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Saint and Sinner

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Anastasius was abbot of a monastery in Egypt. The monastery had a large collection of books, one among them being a rare volume, worth a fortune.

One day a visiting monk chanced upon the book and succumbing to temptation walked away with it. The theft was discovered the same day and it was not hard to guess who the culprit was but Anastasius refused to send anyone after the monk for fear that he might say he had not taken it and add the sin of perjury to that of theft.

The monk meanwhile was trying to sell the book and eventually found a buyer, a rich man who asked him to leave the book with him for a day so that he could get it evaluated.

When the monk had gone, the man hastened to the monastery and showed the book to Anastasius. The abbot recognized it instantly but did not say anything.

“A monk wants to sell it to me,” said his visitor. “He’s asking for a gold sovereign. You are knowledgeable about books. Is this book worth that much?”

“It’s worth much much more than a sovereign,” said the abbot. “It’s a valuable book.”

The man thanked the abbot and left. The next day when the monk came, he informed him that he would like to buy the book and was prepared to pay the price he had mentioned. The monk was overjoyed.

“Whom did you show it to?” he asked.

“Anastasius, the abbot.”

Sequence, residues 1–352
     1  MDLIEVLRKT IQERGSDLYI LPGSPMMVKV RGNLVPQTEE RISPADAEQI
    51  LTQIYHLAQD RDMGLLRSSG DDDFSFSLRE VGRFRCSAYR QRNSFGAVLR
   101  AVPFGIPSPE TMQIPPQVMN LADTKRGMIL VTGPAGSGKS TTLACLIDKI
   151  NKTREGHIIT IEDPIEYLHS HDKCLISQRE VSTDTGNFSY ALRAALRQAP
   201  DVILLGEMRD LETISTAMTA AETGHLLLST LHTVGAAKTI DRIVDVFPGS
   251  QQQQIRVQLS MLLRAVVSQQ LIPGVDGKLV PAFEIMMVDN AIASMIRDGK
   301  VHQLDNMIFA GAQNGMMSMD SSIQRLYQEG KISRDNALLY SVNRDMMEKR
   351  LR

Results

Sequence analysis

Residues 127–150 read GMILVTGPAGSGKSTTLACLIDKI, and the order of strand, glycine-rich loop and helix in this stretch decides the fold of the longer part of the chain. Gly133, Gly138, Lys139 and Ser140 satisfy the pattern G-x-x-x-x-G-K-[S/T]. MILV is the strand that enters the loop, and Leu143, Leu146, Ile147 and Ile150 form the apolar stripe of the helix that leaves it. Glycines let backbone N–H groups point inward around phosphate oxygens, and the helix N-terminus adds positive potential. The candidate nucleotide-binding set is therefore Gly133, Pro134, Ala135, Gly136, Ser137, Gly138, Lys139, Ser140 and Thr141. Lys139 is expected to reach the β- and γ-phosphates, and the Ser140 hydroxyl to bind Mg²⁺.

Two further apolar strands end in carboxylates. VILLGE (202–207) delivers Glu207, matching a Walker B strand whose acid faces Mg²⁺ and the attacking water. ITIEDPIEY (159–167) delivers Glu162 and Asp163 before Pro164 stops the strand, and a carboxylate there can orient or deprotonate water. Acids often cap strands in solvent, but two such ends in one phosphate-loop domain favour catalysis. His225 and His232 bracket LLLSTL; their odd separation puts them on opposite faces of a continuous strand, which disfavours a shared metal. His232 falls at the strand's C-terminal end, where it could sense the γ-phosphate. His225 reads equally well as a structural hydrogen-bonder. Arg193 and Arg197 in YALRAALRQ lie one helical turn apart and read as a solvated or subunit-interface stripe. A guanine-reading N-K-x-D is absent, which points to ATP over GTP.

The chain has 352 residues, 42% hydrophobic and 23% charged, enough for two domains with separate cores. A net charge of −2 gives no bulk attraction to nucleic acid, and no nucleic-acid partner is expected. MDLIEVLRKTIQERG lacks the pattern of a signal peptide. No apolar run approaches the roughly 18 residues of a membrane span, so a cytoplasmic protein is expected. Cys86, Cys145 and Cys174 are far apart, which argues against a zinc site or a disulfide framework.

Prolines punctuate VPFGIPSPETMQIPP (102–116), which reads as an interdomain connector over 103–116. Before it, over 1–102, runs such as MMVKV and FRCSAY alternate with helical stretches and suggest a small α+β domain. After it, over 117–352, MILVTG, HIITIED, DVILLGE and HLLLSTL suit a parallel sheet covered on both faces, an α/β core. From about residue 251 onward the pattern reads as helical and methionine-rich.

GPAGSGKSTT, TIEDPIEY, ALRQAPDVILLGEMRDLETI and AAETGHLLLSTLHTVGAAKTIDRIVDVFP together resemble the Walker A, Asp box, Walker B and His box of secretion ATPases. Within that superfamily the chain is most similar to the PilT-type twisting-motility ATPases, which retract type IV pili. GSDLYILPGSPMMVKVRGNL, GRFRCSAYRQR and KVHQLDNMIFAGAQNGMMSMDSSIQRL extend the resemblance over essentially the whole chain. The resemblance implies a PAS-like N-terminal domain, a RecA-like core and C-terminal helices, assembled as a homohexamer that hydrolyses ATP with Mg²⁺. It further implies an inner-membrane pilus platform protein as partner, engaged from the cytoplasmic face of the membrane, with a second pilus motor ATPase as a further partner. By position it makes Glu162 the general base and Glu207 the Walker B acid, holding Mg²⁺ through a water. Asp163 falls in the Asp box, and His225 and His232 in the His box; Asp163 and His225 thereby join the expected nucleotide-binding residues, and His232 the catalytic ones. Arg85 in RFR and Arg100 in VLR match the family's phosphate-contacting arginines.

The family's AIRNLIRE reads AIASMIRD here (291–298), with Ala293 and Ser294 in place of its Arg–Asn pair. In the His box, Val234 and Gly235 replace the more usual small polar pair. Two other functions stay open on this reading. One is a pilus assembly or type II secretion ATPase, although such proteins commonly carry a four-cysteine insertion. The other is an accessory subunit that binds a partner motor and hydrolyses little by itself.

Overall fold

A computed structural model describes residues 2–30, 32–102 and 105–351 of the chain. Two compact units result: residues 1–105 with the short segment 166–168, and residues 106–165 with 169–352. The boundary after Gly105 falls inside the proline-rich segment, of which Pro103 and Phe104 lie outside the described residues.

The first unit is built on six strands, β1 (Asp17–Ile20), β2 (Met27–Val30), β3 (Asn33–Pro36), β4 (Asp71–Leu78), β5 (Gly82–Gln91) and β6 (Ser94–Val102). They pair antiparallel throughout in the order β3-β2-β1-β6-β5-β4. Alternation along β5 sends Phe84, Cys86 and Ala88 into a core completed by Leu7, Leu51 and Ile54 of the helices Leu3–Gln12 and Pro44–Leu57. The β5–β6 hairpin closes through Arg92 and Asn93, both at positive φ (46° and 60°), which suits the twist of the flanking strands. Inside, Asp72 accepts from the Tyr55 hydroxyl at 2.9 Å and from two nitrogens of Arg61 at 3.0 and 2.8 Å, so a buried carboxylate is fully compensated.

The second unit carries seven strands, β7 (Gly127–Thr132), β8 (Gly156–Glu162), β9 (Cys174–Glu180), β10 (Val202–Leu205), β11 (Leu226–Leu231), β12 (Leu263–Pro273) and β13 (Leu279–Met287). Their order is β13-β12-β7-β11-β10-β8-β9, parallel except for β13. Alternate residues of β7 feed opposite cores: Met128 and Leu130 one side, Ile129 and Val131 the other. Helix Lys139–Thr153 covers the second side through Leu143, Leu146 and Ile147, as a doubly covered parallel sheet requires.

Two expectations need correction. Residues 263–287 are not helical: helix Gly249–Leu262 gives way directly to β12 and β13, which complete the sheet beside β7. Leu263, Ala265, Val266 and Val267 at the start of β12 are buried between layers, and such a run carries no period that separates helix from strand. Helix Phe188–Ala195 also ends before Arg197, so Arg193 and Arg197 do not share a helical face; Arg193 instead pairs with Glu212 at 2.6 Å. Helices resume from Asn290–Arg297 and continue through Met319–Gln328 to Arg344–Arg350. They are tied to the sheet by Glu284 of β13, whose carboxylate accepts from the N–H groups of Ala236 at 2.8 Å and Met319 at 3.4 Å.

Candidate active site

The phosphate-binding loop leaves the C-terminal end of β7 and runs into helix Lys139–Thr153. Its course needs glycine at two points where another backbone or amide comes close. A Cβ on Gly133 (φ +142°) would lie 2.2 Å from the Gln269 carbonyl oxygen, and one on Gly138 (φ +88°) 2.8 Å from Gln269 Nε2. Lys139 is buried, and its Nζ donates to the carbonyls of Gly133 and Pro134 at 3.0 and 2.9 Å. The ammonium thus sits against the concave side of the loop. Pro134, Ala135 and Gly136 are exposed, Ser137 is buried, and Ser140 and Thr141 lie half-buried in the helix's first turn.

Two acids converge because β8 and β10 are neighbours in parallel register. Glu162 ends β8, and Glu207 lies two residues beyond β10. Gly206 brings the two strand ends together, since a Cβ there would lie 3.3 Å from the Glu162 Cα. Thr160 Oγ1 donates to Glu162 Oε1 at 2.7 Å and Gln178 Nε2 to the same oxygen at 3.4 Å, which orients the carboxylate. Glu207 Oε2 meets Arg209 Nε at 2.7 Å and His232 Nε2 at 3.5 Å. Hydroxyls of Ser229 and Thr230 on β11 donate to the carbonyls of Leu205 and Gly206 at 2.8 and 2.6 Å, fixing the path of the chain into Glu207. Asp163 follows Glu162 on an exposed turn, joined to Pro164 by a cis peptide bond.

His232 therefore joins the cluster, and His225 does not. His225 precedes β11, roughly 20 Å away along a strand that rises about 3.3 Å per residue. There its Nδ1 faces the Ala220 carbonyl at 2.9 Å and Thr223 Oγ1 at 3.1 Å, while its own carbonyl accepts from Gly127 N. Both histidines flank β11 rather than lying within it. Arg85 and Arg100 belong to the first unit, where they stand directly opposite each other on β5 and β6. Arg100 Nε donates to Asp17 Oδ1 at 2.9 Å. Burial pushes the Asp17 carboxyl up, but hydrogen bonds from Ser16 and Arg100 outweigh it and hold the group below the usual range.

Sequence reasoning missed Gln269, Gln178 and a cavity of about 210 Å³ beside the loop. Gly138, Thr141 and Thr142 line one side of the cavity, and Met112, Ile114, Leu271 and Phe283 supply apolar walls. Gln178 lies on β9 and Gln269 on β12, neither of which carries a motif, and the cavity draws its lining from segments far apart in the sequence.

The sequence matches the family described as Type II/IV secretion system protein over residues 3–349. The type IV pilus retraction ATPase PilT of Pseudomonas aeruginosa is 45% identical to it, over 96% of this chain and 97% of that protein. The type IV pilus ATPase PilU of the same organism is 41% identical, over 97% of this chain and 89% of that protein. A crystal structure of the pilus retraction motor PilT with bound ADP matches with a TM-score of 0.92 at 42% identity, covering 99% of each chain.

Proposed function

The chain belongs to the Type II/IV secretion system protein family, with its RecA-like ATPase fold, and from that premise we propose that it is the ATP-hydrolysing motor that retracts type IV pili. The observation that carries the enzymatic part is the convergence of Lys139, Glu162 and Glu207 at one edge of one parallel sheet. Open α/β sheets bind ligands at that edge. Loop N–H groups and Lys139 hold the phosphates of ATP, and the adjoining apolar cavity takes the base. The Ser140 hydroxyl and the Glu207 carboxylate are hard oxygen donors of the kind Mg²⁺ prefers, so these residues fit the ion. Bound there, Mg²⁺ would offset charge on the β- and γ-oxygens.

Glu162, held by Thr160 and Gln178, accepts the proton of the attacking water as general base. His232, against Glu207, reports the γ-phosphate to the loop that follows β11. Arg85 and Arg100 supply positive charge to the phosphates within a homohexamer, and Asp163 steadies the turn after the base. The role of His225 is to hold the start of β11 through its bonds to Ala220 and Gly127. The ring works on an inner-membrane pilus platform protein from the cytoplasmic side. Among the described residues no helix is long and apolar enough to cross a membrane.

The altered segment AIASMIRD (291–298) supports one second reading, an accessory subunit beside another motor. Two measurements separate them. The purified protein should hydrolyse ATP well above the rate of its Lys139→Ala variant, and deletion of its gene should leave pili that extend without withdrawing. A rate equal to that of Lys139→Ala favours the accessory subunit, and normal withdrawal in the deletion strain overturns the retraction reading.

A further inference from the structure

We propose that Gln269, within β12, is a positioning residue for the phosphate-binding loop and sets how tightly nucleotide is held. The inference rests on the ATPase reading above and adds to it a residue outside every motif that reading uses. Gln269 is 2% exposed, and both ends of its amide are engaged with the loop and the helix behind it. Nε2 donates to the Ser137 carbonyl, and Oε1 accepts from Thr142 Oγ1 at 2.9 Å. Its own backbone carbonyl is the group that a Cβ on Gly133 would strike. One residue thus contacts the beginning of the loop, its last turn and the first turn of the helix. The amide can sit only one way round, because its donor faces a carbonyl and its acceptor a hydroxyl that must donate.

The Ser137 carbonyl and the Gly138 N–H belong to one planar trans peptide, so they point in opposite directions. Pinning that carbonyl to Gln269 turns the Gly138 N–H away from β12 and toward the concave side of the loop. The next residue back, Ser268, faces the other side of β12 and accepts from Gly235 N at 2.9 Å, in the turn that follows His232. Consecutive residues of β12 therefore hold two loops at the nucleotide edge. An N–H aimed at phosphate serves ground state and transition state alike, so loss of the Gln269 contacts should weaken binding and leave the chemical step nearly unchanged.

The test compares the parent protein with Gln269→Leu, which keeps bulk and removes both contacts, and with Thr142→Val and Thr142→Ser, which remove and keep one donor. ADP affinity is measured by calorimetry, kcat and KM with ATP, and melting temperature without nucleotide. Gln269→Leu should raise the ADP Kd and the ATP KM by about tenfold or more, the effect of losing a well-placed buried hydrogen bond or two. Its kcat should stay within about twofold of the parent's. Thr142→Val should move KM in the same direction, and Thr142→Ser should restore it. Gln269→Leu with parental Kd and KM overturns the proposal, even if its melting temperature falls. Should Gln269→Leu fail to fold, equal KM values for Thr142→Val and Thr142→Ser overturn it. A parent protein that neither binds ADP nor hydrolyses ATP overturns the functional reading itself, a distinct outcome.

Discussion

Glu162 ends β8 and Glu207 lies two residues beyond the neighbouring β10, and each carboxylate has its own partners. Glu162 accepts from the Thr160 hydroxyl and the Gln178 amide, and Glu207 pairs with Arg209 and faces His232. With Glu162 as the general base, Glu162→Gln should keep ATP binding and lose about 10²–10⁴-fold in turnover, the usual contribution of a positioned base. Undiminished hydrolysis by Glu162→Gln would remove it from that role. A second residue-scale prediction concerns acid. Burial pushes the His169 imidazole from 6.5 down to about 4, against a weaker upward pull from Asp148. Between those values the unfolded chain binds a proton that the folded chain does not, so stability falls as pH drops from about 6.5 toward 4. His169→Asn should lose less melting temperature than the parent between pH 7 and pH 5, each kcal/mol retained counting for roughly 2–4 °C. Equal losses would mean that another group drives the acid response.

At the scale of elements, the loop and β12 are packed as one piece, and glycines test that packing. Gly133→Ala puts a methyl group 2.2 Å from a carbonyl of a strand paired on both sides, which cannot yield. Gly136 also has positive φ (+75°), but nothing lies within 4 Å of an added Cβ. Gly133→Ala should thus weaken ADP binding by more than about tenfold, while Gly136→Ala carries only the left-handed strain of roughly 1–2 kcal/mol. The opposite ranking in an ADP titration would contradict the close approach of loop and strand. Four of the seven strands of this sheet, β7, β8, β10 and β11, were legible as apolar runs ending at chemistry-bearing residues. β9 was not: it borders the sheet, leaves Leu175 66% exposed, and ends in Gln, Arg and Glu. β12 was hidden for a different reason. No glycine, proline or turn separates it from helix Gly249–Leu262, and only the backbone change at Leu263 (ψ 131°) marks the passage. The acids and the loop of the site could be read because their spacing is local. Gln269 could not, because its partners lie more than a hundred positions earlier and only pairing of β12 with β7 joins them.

His visitor turned pale. “A-And what did he say?”

“He said the book was worth a sovereign.”

“And what else?”

“Nothing.”

The monk was both amazed and touched. He realized that the abbot had refused to reclaim his lost treasure so that he, the thief would not get into trouble. Nobody had ever shown him such love; nobody had ever behaved so nobly towards him.

“I’ve changed my mind, I don’t want to sell it,” he said and took the book from the man.

“I’ll give you two sovereigns,” said the customer.

The monk walked away without answering. He went directly to the monastery and handed the book to the abbot, tears brimming in his eyes.

“Keep it,” said Anastasius. “When I learnt you had borrowed it I decided to give it to you.”

“Please take it back,” pleaded the monk, “but let me stay here and learn wisdom from you.”

His wish was granted. He spent the rest of his years in the monastery modelling his life after that of the saintly Anastasius.

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